easily stick to default platform behaviour - almost all OSes will minimize
game for us and almost all developers know what they are doing when they
add open-url-in-browser buttons in their UI. Really looking forward to see
this function in SDL master.
Post by Daniel Gibson
It isn't unusual to have buttons that lead to the game's homepage in the
main menu (or in "about" or some other menu option), for promoting that
page, to show the user where he can find patches, addons or support.
Or maybe links to GPU vendors for updated drivers and things like that.
I think as long as this isn't called from within the game (i.e. when one
is playing and not in the menu) breaking the immersion is not a problem
(but of course it's not up to SDL to prevent the developer from breaking
the immersion anyway).
Cheers,
Daniel
I second the question of what games use this sort of feature.
Post by Jeffrey Carpenter
My comments here are going to be **strongly** opinionated, and do not
necessarily justify anything. And so with that out of the way...
As soon as I reading things like "..minimizing the game", I start
shuddering in horror at the whole idea. From a UX stand point, (especially)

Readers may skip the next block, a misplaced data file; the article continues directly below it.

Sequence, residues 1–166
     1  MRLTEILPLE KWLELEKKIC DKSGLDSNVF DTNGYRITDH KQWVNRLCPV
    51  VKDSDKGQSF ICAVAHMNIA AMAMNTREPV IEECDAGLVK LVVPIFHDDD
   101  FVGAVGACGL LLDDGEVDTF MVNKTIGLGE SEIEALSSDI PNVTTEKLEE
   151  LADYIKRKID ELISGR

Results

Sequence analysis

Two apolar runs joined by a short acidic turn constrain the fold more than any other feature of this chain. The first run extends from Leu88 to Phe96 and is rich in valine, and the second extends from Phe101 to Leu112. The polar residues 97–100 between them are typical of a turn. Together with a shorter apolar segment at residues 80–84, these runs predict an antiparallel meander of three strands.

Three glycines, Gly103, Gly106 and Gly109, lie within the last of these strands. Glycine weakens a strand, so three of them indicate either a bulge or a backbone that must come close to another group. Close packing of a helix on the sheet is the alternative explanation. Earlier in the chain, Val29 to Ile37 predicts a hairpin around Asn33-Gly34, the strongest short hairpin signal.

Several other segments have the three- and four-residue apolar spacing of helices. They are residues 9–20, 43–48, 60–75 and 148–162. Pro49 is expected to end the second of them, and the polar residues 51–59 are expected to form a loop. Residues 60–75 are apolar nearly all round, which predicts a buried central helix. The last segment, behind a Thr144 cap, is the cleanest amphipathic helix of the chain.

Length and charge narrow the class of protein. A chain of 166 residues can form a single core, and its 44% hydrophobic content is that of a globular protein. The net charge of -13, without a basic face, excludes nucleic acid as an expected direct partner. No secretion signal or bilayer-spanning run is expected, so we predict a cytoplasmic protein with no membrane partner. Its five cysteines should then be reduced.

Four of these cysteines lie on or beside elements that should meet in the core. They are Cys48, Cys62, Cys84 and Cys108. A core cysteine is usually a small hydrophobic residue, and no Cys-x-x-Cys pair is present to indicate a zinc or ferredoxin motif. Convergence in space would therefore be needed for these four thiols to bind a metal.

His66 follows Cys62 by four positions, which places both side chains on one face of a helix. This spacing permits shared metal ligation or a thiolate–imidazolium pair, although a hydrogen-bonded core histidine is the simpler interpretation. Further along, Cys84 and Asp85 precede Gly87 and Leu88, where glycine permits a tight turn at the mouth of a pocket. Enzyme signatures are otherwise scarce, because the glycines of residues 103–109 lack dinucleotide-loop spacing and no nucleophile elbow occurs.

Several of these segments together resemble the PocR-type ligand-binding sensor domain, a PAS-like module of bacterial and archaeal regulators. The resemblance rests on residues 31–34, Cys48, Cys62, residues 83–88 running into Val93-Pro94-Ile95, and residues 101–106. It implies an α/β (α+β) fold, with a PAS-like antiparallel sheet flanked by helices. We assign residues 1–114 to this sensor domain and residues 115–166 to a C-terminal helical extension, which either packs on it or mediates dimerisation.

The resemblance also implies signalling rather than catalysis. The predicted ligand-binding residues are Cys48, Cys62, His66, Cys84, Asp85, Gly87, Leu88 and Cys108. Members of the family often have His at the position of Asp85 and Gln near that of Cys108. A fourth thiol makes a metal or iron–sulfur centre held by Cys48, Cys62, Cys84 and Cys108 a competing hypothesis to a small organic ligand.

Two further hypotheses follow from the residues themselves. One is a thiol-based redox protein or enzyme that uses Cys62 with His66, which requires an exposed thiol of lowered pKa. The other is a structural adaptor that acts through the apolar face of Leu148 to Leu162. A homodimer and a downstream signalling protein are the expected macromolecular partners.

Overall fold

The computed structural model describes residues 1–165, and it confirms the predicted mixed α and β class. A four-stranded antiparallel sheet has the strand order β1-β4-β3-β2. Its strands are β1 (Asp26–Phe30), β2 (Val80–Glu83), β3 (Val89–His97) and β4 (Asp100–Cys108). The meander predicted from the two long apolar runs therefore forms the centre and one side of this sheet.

when my game is full screen, the **last** thing I want to see happen is to
lose focus of the game window -- this completely ruins the experience of
immersion. I'd much prefer copy and paste of the URL to open a web browser
or what not explicitly. I cannot think of any use case off the top of my
head where I find the lose of focus appropriate, other than (of course)
OS-level events. In other words, I strongly prefer being in control of
explicit focus changes of my game.
I see the counter argument being made where **not** having the game
auto-minimize or what not and open the program automatically could be seen
as less user-friendly here. I'd love to hear your own opinion regarding
this? (Am I the only one that feels strongly about auto-focus lose?)
I do, however, feel that it is OK for a mobile platform to do so
(minimize / lose focus of the game to do another task), perhaps because the
underlying platform is fundamentally different, and/or I don't have 15+
years of habits formed using the platform?
In short, I'd love to hear about your feelings regarding these sorts of
UX issues -- hopefully without inciting a flame war! :-)
Cheers,
Jeffrey Carpenter
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Ryan C. Gordon
2014-11-01 03:18:18 UTC
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I think the main reason this functionality hasn't been added is because
it doesn't work with fullscreen games.
If we were to add this, I think it's reasonable to say that fullscreen
windows will be forcibly minimized before the browser is launched.

There are other similar questions, like what happens on Android or iOS
when you open a URL and suddenly some other app is in the foreground,
etc...but I think this is solvable, if there's will to add the API.

--ryan.